I'm a male feminist - I don't shy from the label.
As part of our new series, “MARC Stories,” MARC member Conrad Liveris explains why it’s important to take a stand against sexism inside and outside the workplace. Conrad, 20, is a student at The University of Notre Dame in Perth, Australia. A community advocate and operations analyst, Conrad works in management, marketing and policy roles. He tweets @ConradLiveris about gender equality and generational issues.
I'm a male feminist—I don't shy
from the label.
There aren't many 20-year-olds that find gender an exciting topic to talk about, but letting men and women of all ages know that there is at least one young man committed to the cause has yielded interesting responses. Some of my biggest allies today are people who were originally opposed to what I had to say.
There’s nothing very controversial about a 20-year-old engaging with gender equity. I believe that men have a duty to reject all forms of sexism and gender discrimination. It’s our responsibility to stand up and stop sexism in its tracks.
Women in Australia earn less than men
during their career. If a woman in your office earns less for doing the same work as do, speak up.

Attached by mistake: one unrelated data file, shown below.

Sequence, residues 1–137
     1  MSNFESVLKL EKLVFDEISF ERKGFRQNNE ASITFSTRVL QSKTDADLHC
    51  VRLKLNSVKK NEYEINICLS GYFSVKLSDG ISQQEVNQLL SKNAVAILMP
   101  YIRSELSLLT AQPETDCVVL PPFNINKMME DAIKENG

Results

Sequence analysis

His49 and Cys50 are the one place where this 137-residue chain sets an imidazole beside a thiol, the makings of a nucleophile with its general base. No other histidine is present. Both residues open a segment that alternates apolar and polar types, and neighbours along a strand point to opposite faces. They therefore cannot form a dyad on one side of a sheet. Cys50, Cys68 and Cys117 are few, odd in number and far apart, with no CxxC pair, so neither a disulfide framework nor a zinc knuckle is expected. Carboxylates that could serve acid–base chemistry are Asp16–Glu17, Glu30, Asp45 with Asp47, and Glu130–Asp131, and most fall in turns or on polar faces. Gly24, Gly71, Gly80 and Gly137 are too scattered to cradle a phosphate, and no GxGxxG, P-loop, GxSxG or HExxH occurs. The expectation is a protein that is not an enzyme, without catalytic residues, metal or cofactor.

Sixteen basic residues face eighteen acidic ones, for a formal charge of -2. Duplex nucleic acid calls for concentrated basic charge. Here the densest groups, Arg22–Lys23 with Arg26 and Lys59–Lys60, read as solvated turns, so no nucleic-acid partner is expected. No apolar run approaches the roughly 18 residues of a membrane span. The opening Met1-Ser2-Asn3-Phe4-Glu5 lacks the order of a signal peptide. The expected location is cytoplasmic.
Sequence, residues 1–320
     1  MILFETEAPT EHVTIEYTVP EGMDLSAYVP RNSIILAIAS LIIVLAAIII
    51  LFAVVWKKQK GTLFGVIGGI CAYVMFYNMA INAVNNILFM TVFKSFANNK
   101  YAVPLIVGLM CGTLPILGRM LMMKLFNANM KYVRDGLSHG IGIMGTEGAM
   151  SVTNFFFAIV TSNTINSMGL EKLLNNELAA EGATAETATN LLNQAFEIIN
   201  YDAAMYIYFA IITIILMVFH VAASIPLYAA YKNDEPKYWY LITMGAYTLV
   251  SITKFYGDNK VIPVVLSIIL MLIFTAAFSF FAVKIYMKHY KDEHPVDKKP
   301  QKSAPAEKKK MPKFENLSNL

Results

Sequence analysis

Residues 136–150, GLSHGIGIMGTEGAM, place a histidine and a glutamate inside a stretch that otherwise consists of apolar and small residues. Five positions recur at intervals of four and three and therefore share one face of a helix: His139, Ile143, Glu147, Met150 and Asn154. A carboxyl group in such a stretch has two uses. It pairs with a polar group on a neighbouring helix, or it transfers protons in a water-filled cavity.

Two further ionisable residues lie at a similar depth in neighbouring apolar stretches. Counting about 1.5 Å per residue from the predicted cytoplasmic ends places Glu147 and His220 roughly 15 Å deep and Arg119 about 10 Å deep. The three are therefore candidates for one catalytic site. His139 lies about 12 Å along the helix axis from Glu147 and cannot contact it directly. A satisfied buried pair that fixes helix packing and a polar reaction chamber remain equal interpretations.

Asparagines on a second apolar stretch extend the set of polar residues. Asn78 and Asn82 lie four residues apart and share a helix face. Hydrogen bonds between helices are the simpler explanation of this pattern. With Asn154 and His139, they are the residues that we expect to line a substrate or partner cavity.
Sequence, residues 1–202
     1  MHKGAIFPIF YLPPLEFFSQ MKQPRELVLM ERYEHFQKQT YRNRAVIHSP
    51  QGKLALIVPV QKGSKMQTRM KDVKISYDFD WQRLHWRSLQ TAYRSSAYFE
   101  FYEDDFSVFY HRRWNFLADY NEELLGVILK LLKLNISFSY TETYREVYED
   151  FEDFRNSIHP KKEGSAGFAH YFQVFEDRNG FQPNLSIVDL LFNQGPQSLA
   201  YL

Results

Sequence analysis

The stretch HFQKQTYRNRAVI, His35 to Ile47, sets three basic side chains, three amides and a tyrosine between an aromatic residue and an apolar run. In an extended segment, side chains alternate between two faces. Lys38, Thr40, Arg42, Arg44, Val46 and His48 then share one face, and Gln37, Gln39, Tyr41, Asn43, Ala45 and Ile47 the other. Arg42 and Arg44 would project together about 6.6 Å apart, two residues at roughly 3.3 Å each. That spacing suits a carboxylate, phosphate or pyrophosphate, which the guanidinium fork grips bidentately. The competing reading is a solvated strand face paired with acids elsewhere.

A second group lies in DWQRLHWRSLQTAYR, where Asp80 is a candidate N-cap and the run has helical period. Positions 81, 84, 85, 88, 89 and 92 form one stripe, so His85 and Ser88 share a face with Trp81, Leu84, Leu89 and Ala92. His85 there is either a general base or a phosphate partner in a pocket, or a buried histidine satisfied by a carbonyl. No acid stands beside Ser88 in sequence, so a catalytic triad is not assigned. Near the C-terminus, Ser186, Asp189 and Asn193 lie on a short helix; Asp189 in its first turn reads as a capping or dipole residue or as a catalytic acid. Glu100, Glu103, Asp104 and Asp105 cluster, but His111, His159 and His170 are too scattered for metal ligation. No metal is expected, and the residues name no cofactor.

And when men witness an act of discrimination, we need to say “no.” We need to put that person on notice, make it clear to them that it isn’t OK. Off-hand sexist comments and outright bullying have no place at work. By taking a stand against offensive comments—either loudly in an open office setting or behind closed doors—men can lead change from the first day of their first job, all the way to when they are executives.
I've always been surrounded by strong women and I recognized from a young age that gender issues have an impact on men. Men who take action need to stand firm. The more we stand up, the more other men will realize that everyone
has a role to play in creating gender equity because we all benefit. And in turn, even more
men will take a stand.
- Conrad Liveris